What would you say if your friend asked for your help to move to Kobe with her toddler daughter and two cats?
You'd say no.
Because there ain't none of that baggage that can be stuffed on an overhead luggage rack. And you suspect she'd probably stay if it wasn't possible to carry both the cats.
Then she'd mention it would involve a sleeper train with bunks, and you're picking up the cats and heading for the door a week before you actually need to be at the station.
This is because sleeper trains are cool.
With the Shinkansen bullet train not yet extending up to Hokkaido, the rail route south to the top of Japan's main island of Honshu takes between six to eight hours. As Kobe is situated in the southern half of Honshu, this results in the first quarter of the journey taking around half the total trip time. For us, we'd be taking the sleeper to Honshu, transferring onto the Shinkansen to Tokyo, switching to a second Shinkansen to Osaka and then weaving through the local trains to the hotel my friends were staying at overnight.
The sleeper train consisted of compartments with four bunks packed like the plague ridden houses of 16th century London. The two top bunks had no safety rail, with only a thin strip of fabric running from the middle of the mattress to the ceiling to act as a break to a sudden decent into a squished pile of doom.
It was awesome.
I totally picked the top bunk, taking one of the cats (contained in a carrier) up with me. What is life without a little risk of squished doom? Pretty sure the cat agreed. Either that, or the huge-eyed look meant 'OMG. SAVE MY POOR FURRED SOUL.' But probably it was excitement.
This enthusiastic sentiment may possibly not have been shared with the person on the other top bunk. We'd booked three of the four beds in the compartment, but the last place had been reserved by a gentleman now regretting his life choices. He took one glance at the two foreigners, baby, two cat carriers and the single Japanese person (my friend's husband) speaking English, and looked as horror stricken as it was possible for his Japanese manners to allow. He swiftly scaled the ladder to his bunk and drew the privacy curtain tightly around his bed.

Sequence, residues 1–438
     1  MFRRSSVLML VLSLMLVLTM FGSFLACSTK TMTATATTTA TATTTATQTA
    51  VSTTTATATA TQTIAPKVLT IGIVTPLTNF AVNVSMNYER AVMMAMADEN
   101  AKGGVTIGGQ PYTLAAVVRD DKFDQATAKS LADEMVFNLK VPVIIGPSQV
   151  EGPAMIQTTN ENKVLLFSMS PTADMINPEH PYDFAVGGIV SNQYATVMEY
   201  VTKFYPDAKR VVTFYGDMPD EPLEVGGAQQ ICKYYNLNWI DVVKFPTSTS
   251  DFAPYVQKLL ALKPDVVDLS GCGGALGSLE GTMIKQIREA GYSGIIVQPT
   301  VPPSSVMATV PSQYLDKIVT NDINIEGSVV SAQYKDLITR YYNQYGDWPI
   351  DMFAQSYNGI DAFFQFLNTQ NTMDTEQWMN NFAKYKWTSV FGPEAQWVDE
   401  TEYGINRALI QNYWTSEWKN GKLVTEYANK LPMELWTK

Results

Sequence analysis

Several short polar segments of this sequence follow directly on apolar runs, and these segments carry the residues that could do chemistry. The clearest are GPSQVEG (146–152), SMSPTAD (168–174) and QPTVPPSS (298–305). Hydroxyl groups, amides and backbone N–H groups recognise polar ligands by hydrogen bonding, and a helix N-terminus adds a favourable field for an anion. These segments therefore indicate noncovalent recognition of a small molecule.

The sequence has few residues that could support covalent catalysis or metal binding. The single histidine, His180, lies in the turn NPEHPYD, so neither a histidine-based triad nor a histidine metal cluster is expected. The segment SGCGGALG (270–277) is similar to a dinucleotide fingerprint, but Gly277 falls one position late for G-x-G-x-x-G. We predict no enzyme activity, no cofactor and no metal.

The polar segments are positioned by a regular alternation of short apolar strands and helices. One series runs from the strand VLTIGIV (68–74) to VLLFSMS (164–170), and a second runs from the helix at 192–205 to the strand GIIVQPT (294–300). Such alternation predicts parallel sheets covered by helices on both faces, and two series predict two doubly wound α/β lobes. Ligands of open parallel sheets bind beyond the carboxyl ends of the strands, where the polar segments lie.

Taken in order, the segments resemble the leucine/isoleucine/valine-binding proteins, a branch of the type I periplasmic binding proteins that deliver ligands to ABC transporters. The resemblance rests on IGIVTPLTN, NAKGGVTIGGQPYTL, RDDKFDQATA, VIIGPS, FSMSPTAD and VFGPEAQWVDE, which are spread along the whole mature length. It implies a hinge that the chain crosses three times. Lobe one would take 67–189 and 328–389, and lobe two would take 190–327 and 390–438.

Was that thin strip of fabric likely to help? No.
If our traumatised companion had ventured out into the corridor during our trip, he might have felt even more short changed. Many of the compartments remained empty for the journey, although the one at the end was packed with beer bottles as an indication of the occupants' alternative plans to sleep.
At the end of the carriage, there was a single toilet. I entered the small room and realised that sleeper trains weren't just fun: they were an extreme sport.
The toilet was a traditional 'squat pot' whereby normally bodily functions are combined with gym exercises you've been avoiding since the age of eight. To add to the challenge, this one was on a raised platform that provided the shoe space for no more than a medium-sized foot. One wrong step on this moving train and ...
…well, there were options. All of them would require a shower. And a bonfire for clothes.
One the plus side, I did not have the toddler. One who did not like to be separated from her mother. Ever.
Back on the bunks, there was a neat pile of fabric consisting of two sheets, a pillow, blanket and a Japanese-style cotton dressing gown called a yukata. While traditional garments in Japanese hotel rooms, it had seemed surprising that anyone would wish to change completely into a gown while on a train. That was until I had seen the toilet.
As it happened, our reluctant forth party lucked out. The toddler went right to sleep (although at such an angle that her mother did not), none of us needed the yukatas, the kitty with me was (mainly) quiet and the other cat… well... a score of 3/4 is not bad.
When they had first arrived in Japan from the USA, my friend had mentioned one of the cats had yowled for the entire journey. I had assumed that she had not meant it literally: the flight is about ten hours from the west coast and surely NO CREATURE could keep up complaints for that long. I thought the feline in question probably meowed in bouts, lasting a few minutes each.
This cat had the tenacity that would impress every cheerleading coach in the country. The saving grace was that his mews were not loud and frankly? It could have been SO MUCH WORSE.
The switch to the bullet train produced a sleek but rather dull transport alternative. Sendai, Tokyo, Nagoya, Kyoto and Osaka flashed past, brief windows of city between stretches of tunnel and sound barriers to protect nearby towns. Also, we saw Mount Fuji in snowy glory, which was pretty great.
When we stepped off one of the fastest trains in the world and arrived at the hotel, we discovered a rotary dial phone. Japan, only you could produce this combination without charging more for such craziness.
Then I flew back to Sapporo. A sixteen hour journey was compressed into two.